Posted: September 20, 2001
Contact: Doug Anderson, email@example.com, 651-201-1426
Citizens Invited to Share Concerns and Hopes for Higher Education Sept. 27
Chancellor James H. McCormick of the Minnesota State Colleges and Universities will be in Grand Rapids September 27 to hear citizens, employers and public officials describe what they want from their higher education system in the years ahead.
Members of a new Citizens Advisory Commission also will participate in these forums to gather ideas that will be used to shape the future of Minnesota's largest system of higher education.
The public forum will be from 4 to 6 p.m. on Thursday, September 27, in the Davies Theater at Itasca Community College. The public is encouraged to attend.
"This is an opportunity to really be heard," said McCormick. "Every region is unique. As we develop our three-year plan for the system, we must be both sensitive to the needs of the region and strategic in how we move ahead. We need help in setting priorities and we hope for a high level of participation from across Northern Minnesota."
The Grand Rapids event is the first of three public forums being held to gather input for the newly formed Citizens Advisory Commission. The commission, which is chaired by businessmen Glen Taylor and Vance Opperman, represents leaders from across Minnesota and is charged by Chancellor McCormick and the MnSCU Board of Trustees with formulating recommendations for the future direction of the state's largest system of higher education. Additional hearings will be October 9 at Normandale Community College, Bloomington, and October 30 at Southwest State University, Marshall. All forums are 4 to 6 p.m.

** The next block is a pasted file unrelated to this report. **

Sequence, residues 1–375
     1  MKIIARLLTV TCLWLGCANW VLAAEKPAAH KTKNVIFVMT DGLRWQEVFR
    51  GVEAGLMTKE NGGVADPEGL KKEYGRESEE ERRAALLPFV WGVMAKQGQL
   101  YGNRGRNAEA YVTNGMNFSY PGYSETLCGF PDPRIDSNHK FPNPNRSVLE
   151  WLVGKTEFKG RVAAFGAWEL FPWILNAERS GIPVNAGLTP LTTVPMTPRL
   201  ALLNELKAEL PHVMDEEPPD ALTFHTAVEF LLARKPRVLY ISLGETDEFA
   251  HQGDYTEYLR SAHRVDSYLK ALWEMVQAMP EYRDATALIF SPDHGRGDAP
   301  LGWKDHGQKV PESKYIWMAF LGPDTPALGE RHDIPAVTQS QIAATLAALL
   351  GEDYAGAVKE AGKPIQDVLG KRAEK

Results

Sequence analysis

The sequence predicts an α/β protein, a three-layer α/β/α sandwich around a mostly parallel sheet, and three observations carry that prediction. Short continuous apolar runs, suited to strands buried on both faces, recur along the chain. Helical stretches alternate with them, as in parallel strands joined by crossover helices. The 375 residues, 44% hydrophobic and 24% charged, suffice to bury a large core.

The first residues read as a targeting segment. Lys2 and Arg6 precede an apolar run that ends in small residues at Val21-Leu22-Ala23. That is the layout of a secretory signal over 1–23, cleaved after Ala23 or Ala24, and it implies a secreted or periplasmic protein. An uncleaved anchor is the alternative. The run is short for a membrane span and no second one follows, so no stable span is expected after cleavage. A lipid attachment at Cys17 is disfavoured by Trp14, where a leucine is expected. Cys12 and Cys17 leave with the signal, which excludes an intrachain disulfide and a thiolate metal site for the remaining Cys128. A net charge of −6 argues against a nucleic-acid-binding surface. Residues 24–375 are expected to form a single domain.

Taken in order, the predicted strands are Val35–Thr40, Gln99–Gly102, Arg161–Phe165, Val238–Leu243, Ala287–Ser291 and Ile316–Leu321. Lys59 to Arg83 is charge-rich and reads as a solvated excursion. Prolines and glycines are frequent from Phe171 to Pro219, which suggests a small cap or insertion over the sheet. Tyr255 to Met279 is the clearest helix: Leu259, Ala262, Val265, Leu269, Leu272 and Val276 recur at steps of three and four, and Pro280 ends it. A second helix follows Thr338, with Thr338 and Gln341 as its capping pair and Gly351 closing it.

In addition to these public forums, Chancellor McCormick has launched an unprecedented effort to gather additional public opinion through visits with every legislator in his or her home district and community meetings at most of the system's 34 institutions. He also is visiting with students, faculty and staff on every campus.
Minnesota's 31 state community and technical colleges, and universities serve more than 430,000 students across the state.